What do you think the greatest recruiting drive for PETA last year was? Not anything they did. It was something we did. ‘Shoot animals not selfies’, the profile picture campaign. Who thought that was a good idea? Just pause for a moment and reflect on how that looked to someone who didn’t hunt. Not a hater. Not an anti-hunter. Just an average urban-dwelling person who knows little of hunting. It looked bad. It was an easy trap to get carried away with, but it was naive and arrogant and encapsulates in a single action just how deep our lack of understanding goes when it comes to how we shape a positive future for hunting.
I don’t like to dwell on the negatives or the failures of the past, but I do believe we should learn from our mistakes. I see chinks of light in the dark clouds that sit firmly over hunting. A rewriting of the narrative we tell, where once again the journey takes priority, and the wildlife comes first. I see a shift in the nature of articles in our press and that is encouraging.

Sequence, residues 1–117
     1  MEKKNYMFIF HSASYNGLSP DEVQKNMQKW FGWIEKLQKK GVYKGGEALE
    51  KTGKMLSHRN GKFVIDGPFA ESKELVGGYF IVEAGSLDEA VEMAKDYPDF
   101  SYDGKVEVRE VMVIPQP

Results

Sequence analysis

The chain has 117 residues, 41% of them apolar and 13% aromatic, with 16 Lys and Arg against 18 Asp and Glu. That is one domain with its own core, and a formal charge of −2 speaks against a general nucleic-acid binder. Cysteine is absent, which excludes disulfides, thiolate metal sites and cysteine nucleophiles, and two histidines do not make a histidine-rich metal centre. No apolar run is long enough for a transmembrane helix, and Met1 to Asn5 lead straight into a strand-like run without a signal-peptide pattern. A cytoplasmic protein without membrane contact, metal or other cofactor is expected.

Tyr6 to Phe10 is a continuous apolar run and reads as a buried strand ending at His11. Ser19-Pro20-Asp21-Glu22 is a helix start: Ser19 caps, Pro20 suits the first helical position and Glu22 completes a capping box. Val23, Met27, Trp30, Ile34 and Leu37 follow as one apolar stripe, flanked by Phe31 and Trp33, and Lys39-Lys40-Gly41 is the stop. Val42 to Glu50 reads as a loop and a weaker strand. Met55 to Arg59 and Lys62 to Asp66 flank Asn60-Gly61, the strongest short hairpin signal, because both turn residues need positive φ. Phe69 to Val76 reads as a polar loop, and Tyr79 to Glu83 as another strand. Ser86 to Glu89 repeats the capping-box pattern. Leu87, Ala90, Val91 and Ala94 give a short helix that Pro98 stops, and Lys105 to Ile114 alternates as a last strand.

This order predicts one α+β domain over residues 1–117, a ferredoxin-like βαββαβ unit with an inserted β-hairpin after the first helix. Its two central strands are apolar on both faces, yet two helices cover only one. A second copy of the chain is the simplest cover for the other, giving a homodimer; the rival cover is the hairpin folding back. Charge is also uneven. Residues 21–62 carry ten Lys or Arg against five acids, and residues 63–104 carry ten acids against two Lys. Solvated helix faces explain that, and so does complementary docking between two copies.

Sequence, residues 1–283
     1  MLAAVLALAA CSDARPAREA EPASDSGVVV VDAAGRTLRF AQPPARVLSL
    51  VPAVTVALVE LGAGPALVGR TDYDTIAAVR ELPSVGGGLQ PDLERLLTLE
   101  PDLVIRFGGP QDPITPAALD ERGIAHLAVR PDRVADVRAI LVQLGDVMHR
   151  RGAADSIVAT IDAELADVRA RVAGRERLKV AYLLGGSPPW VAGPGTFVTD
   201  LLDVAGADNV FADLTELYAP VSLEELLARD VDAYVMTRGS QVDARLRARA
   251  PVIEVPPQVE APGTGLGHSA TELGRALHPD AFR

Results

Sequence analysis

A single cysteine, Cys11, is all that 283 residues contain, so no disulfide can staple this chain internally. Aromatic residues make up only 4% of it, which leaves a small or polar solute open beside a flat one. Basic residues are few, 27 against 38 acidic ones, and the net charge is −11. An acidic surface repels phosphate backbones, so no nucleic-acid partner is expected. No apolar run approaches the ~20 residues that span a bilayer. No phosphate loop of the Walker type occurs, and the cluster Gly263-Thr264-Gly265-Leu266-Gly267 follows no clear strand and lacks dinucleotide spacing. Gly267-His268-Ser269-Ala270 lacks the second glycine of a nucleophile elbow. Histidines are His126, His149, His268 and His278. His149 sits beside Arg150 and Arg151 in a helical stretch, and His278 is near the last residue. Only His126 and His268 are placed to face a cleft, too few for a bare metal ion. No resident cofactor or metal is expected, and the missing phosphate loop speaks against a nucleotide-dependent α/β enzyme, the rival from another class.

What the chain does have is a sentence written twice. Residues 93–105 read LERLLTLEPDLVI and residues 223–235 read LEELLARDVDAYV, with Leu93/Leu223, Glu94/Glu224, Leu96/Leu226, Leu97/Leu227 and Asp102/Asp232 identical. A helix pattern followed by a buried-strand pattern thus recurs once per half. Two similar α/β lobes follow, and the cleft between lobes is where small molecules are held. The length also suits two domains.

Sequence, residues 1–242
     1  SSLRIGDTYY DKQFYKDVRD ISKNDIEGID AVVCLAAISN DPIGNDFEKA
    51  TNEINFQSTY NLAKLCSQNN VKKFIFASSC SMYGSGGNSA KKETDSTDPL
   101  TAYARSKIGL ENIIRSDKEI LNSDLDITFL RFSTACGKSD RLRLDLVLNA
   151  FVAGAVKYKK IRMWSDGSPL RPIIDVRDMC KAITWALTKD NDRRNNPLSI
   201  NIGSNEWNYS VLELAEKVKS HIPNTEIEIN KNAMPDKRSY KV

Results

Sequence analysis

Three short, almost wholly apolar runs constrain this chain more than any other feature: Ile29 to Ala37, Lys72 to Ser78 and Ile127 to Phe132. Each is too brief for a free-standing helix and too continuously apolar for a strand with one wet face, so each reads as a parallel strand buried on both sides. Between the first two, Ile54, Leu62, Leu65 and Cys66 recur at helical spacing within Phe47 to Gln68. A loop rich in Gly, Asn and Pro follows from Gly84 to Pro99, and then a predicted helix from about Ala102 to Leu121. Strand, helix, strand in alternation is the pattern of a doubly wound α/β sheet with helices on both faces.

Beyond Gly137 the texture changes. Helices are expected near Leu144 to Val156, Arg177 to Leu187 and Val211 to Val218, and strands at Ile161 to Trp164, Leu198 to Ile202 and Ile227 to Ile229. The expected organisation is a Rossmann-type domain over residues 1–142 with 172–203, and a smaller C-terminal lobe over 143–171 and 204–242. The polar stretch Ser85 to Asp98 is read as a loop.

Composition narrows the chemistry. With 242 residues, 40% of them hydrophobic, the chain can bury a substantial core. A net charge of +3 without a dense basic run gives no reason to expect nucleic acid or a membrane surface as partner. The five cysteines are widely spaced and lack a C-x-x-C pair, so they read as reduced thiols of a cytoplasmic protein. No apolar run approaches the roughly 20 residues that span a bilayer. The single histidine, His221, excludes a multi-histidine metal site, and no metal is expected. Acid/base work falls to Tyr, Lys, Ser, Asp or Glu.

The last two years have also seen the much newer medium of podcasting forge a powerful and important voice for the thoughtful hunter. My brother Darryl and I know from our own show just how this can inform and educate, and crucially, reach people outside of what we may have seen traditionally as part of our community.
Here in lies one of our great failures. Our ability to recognise the simple fact that in order for hunting to continue to play a role in the management of our landscape, it has to be both relatable and relevant in today’s world. In a modern society. This is no easy task, but we first have to acknowledge it.
We spend far too much time preaching to the converted.